Methadone To Suboxone: The Right Way To Make The Switch

Methadone To Suboxone: The Right Way To Make The Switch

Making the switch to a safer and easier opioid addiction treatment plan

Transitioning from Methadone to Suboxone can be done. However, if you are on methadone and doing well without any problems, you may want to continue with it. Experts consider Methadone to be the gold standard of treatment for opiate and opioid addiction. Yet, if you are not happy with the restrictive lifestyle and risks of Methadone, you may be interested in making the switch.

Methadone can be dangerous.

While it can work well to keep you clean from drugs, Methadone can also be dangerous. This is why it is so highly regulated. To get treatment, you must go to a daily clinic visit to get your dose. The drug carries a high risk of causing respiratory depression and overdose. It also has a high abuse potential.

Methadone is inconvenient.

If you are in treatment, you are enjoying your drug-free life. You can be with your family and go to work without sickness and obsessions. Yet, after a while, you are going to want to live a more normal life. The early morning visits to the methadone clinic get old after a while. How can you go away on vacation? What if you don’t have transportation one morning? The clinics are strict and unforgiving. They have to be in order to comply with federal regulations. Methadone works, but it is also a dangerous drug.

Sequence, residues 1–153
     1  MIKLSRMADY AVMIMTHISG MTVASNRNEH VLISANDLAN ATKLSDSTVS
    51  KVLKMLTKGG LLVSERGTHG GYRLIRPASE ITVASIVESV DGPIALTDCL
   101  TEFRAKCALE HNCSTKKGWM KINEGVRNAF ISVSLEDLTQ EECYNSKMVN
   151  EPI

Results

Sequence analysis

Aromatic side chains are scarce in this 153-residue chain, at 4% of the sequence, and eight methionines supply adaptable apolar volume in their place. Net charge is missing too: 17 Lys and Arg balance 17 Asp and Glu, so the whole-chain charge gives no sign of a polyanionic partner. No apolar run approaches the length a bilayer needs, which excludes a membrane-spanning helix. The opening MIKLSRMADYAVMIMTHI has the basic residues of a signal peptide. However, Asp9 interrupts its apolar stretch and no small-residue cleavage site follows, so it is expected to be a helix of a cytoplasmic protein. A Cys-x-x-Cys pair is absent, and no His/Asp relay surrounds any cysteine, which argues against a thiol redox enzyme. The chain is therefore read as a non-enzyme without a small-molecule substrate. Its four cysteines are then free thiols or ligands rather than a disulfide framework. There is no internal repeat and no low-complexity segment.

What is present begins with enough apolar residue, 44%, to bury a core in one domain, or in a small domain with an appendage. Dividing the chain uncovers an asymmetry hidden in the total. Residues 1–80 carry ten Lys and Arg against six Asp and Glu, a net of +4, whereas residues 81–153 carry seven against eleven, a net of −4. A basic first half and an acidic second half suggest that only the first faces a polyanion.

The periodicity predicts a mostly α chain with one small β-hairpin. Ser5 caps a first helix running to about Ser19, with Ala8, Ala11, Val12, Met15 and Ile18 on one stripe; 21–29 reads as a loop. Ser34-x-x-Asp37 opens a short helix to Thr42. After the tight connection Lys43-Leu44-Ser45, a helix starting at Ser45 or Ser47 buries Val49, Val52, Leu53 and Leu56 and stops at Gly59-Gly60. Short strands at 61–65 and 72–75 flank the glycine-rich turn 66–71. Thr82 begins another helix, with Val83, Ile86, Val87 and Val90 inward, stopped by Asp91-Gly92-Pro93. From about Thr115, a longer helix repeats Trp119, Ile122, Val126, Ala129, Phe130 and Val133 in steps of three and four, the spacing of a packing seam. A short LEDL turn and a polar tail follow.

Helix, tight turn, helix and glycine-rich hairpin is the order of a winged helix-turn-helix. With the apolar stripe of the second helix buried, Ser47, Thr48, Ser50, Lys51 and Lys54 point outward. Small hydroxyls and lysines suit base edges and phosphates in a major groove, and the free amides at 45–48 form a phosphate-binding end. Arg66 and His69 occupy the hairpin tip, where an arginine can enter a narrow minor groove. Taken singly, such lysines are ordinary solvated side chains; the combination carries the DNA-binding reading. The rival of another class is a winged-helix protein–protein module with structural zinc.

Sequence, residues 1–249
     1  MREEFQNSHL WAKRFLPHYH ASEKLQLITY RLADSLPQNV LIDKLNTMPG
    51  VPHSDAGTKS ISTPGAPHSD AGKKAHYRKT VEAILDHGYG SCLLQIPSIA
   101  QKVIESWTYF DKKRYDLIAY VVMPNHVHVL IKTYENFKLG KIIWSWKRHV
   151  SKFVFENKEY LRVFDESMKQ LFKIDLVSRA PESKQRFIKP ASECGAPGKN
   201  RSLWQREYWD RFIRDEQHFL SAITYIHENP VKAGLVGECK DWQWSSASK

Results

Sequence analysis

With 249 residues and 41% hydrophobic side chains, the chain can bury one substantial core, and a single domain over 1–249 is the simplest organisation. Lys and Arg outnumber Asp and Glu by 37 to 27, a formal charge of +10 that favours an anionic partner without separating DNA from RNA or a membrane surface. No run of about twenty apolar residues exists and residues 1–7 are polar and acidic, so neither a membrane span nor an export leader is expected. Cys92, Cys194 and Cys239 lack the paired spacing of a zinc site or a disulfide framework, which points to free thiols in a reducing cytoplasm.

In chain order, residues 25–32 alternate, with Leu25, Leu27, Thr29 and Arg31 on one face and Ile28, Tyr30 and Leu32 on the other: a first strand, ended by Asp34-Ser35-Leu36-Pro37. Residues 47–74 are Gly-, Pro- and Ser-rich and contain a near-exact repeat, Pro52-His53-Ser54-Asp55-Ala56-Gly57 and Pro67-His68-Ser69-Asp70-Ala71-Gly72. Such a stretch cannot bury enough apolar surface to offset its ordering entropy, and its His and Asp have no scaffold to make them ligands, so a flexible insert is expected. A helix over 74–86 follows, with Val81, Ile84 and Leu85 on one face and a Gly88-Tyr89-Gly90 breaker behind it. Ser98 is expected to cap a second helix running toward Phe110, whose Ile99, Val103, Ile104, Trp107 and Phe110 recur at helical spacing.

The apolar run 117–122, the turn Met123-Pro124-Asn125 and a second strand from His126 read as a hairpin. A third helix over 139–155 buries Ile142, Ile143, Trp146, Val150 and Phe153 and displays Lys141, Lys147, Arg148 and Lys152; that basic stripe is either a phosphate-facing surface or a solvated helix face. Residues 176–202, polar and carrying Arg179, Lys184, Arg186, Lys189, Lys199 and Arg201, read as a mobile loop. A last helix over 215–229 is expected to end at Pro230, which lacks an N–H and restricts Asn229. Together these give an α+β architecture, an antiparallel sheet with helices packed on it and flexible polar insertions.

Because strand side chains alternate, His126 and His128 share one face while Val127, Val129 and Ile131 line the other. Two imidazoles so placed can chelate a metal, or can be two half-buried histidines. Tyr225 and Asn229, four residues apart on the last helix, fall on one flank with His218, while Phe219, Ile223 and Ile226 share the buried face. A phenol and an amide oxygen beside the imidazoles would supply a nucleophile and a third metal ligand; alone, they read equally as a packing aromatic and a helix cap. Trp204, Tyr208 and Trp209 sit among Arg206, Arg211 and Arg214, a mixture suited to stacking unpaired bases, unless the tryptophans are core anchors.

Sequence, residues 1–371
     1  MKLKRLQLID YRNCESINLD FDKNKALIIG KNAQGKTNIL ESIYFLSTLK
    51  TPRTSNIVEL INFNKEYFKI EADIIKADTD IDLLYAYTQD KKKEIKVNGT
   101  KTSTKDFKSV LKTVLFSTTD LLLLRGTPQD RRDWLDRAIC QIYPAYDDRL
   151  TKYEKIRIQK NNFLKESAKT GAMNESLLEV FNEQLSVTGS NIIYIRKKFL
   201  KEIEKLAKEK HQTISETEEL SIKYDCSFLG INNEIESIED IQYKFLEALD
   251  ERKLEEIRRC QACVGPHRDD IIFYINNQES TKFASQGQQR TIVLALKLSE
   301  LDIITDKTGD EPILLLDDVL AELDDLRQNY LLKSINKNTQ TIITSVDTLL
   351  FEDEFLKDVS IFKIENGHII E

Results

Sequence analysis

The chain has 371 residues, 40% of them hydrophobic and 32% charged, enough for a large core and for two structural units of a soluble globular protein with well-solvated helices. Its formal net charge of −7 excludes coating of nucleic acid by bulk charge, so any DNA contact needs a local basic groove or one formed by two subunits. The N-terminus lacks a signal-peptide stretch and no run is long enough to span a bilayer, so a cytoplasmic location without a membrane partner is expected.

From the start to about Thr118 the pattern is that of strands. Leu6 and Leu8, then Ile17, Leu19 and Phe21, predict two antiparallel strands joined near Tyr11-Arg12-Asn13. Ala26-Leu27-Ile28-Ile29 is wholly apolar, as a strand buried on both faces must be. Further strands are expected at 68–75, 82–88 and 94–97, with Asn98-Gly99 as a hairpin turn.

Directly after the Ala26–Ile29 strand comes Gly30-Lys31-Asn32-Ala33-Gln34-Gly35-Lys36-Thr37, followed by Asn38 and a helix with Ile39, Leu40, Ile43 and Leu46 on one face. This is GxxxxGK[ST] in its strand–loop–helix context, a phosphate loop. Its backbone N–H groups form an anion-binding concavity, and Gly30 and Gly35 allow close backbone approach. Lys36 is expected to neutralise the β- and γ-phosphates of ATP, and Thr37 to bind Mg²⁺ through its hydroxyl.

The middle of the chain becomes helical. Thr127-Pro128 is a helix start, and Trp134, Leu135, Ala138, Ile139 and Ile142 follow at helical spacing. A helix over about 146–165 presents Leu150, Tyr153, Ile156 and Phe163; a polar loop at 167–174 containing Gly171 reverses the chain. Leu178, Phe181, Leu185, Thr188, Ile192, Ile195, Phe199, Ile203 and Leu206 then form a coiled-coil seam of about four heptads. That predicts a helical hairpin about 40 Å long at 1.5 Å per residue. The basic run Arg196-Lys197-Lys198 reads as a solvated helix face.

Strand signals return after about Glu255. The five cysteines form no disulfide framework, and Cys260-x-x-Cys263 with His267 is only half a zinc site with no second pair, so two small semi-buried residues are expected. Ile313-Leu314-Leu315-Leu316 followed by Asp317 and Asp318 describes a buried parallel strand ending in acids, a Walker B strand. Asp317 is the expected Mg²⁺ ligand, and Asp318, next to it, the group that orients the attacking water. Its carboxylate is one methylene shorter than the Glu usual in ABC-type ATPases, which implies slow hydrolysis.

Suboxone is easier and safer.

Suboxone has a much lower risk of overdose compared to Methadone. In fact, if you take no other medications other than Suboxone, the risk is minimal. Experts have determined that Suboxone is so safe, it can be prescribed by doctors for up to a month at a time. There is no need to go every single day to the clinic. You can even choose to get treatment in the form of a monthly injection! With a whole month between doctor visits, you can now go away on vacations and sleep in on weekends.

Making the switch from Methadone to Suboxone

In order to make the switch, you must first reduce your methadone dosage to no more than 30mg daily as described in this NAABT article. If you are taking more than this, ask your clinic doctor to work with you to cut back your dosage. When you are stable on 30mg daily, make an appointment with a suboxone treatment doctor. To make the switch, you will have to wait at least 36 hours after your last dose of Methadone before taking your first dose of Suboxone. During the transition time, your doctor may prescribe medications to make you more comfortable.

If you are determined to go from Methadone to Suboxone, you can do it.